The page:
LG G5 Review
LG, the South Korean giant, has finally unveiled its latest flagship, the G5, in the country today. The handset that was first announced at MWC this year in late February has been the most talked about a smartphone from LG yet. The primary reason being that it is being touted as the world’s first semi-modular smartphone from any company, well that might be true or not, if we dig a history of concept smartphones. But this is not concept phone, so yes, this, in fact, is the first fully functional semi-modular phone from the company. With this bold take on smartphone design, the company certainly have the attention of many industry experts on how this modular thing would play out and become a beacon of transitioning into a modular technology lifestyle.
Well, enough talk about the company and where the modular smartphones are headed. For now, we will stick to the specifics of device that was launched today, the G5. The company launched this handset for a pricing of Rs 52,990, which has been available for pre-order on Flipkart days ahead of the today’s launch. What company might hope to achieve by that is they want its fans to wait no more.
Note that currently an only 32GB variant of the model is available and in only three colors, which are Titan, Gold, and Silver. We have with us the Silver variant and honestly we love the color. Moreover, it is the signature color that brand has been actively promoting with Jason Statham being the brand ambassador in the United States. Below, we find out if this venturesome approach that LG took with G5 proves right or not.
Until last year, LG has been the only manufacturer among the brands like Samsung, HTC, and Sony to offer leather back plastic body (except frame, which was aluminum) flagship device. So, it’s a big step for the South Korean brand, as this time around it’s a unibody metal body design on the LG premium flagship, which was in demand for quite a time now. While many manufacturers tucked away the battery pack for good, to be no removed, this brand thought to introduce something very bold and maybe revolutionary at some stage.
We are talking about the semi-modular design that LG G5 sports, it might be the weirdest design I may have seen in the past couple of years. Moreover, it sports such heavy specifications that it’s hard to believe that LG made it work for real. It gets more interesting as I actually removed the secure vault, which has obviously shifted its place from back to the bottom. This is LG’s novel solution to offer a removable battery facility on a unibody design, as the company is determined to offer that feature despite a metal unibody design.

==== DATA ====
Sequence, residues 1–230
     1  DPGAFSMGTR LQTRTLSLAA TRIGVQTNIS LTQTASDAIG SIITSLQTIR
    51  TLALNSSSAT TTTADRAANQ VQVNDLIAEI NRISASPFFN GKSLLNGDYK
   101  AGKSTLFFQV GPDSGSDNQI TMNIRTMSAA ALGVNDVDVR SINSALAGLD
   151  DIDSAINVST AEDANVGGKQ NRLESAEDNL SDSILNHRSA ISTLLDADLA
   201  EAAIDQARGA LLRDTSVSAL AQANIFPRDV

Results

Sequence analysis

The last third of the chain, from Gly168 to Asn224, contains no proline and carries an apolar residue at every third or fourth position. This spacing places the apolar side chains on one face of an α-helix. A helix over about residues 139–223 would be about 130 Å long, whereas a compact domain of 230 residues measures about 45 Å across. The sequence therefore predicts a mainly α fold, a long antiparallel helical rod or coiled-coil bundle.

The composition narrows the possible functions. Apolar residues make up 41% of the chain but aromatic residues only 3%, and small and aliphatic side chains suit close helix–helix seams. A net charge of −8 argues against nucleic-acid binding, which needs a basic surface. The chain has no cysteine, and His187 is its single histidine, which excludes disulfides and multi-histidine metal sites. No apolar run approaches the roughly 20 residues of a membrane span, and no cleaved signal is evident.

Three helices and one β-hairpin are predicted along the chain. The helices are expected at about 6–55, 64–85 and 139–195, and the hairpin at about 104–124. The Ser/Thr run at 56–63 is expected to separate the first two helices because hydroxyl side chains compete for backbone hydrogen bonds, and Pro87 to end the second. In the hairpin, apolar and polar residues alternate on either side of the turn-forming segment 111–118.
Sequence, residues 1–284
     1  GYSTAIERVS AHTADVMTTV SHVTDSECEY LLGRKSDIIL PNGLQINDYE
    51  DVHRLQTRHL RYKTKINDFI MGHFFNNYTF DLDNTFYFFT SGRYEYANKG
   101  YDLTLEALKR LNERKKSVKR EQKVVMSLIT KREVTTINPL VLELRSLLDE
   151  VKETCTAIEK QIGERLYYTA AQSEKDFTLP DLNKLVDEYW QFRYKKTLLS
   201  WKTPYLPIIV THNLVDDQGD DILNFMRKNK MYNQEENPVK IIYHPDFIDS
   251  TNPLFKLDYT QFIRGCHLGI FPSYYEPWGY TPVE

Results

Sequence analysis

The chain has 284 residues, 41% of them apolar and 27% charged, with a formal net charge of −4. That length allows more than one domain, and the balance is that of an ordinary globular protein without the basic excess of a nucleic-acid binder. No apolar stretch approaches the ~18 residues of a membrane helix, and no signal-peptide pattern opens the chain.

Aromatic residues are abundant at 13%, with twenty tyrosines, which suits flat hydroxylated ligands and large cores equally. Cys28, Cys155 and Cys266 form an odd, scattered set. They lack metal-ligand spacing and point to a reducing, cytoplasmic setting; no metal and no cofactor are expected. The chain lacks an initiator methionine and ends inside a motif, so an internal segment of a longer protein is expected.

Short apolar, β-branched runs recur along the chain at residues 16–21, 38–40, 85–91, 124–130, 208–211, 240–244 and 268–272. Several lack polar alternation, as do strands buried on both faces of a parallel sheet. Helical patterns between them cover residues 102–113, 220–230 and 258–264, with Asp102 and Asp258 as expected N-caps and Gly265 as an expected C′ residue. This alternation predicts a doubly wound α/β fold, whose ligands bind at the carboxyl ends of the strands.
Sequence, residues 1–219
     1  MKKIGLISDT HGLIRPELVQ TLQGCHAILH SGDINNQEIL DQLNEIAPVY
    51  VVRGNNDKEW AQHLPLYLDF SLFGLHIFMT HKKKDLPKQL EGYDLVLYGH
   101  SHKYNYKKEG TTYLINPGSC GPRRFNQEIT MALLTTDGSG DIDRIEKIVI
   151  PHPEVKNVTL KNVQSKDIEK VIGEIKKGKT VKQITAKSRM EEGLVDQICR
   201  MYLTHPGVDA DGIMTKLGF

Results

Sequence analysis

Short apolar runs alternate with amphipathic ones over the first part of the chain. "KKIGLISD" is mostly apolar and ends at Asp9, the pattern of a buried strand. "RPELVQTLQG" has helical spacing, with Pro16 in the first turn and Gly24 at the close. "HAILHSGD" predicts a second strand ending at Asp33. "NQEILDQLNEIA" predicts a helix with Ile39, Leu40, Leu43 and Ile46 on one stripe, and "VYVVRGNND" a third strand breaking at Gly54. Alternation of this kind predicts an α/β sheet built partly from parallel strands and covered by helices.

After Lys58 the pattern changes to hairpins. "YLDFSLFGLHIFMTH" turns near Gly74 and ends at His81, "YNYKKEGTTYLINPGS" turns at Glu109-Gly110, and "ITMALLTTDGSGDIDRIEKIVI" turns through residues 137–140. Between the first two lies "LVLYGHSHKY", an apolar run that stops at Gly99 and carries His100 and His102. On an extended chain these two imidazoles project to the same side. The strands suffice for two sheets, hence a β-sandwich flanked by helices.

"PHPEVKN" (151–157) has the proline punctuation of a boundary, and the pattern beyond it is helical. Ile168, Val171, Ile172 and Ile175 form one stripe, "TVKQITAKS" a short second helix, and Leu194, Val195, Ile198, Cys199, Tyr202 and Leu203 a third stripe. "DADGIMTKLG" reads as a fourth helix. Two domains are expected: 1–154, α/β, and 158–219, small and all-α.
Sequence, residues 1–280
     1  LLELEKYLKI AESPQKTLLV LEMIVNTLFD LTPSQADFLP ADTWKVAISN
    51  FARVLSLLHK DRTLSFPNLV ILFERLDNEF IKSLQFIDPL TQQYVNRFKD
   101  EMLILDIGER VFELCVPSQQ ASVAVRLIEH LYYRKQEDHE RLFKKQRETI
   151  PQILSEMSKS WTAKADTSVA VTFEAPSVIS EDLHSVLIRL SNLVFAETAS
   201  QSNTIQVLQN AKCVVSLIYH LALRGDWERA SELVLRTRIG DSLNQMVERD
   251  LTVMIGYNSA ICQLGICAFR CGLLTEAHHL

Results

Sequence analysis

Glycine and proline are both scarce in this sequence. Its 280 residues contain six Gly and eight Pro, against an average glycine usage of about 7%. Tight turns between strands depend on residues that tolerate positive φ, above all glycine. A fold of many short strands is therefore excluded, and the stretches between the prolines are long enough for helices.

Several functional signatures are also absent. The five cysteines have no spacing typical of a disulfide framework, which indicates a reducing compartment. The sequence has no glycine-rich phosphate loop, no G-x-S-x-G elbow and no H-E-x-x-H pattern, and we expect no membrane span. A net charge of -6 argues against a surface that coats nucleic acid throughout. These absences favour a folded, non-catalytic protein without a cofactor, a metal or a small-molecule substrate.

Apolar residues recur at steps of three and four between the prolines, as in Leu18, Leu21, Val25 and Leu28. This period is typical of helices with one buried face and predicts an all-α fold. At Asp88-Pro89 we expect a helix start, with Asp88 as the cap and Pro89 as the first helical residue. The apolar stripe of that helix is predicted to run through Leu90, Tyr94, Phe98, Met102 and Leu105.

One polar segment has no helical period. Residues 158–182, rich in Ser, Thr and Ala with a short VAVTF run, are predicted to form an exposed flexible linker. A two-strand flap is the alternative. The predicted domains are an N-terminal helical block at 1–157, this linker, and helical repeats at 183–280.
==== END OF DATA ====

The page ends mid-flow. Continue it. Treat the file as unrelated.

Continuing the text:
You see it’s not exactly a unibody phone, not at least in a conventional way. The below portion can be separated from the screen after you push a small button, which sits flush to the left, thus, preventing any accidental release. When I first tried to separate those two parts, battery and chin section, well, it definitely caused some anxiety thinking that AM I breaking this thing or what! Well, thankfully it didn’t break, since it requires a fair amount of prying force to separate them, one would think that they are breaking the phone. The two hooks on the battery are made of plastic, which looks the pieces together.
Note that the chin section is aluminum, well the most part, except the area that includes LG logo, which is plastic. It’s hard to convince that this plastic attachment scheme won’t wear out over the time, because at the looks of it, it may. Even if it does, the battery should be firmly held, although, it might get trickier to remove and insert the battery then.
LG G5’s design is defined by how easy it has made to swap the battery even with an aluminum unibody design. There are concerns about the reliability of this design, but considering it is a mass-produced and cost sensitive product, the company does a fine job of controlling the seam between the two pieces. This design also enables the interesting possibilities with modularity being the key word here. That’s where LG G5’s Friends comes into play.
You can use CAM Plus to make your smartphone feel more like a point & shoot camera as it gives you a grip with dedicated shutter button and video recording buttons, as well as a digital wheel to control the digital zoom. Additionally, there is a 1200mAh capacity battery on that module. The second module is for audiophiles, it’s called LG Hi-Fi Plus and comes with B&O Play, in short it includes 32-bit Hi-Fi DAC that supports 32-bit 384KHz HD Audio playback.
Talking the form factor in terms of compactness and comfortability, the G5 address the sharper corner flaw that was present on the G4. The new flagship has a larger radius, which makes them more comfortable to hold. With corners being rounder, it makes easier for your finger to reach more of the screen, although, it still not possible to reach to the top without adjusting the grip. That’s why easily the device still needs two hands sometimes. With many brands inclined towards using 2.5D glass on the front, LG opts for 3D Arc Glass that adds a larger curve on the top edge. I didn’t realize how comfortable it was until I made my first phone call from the device, it’s a utility of the large curve that makes it very comfortable to hold the device against your ear. It’s a really appreciated part of the design.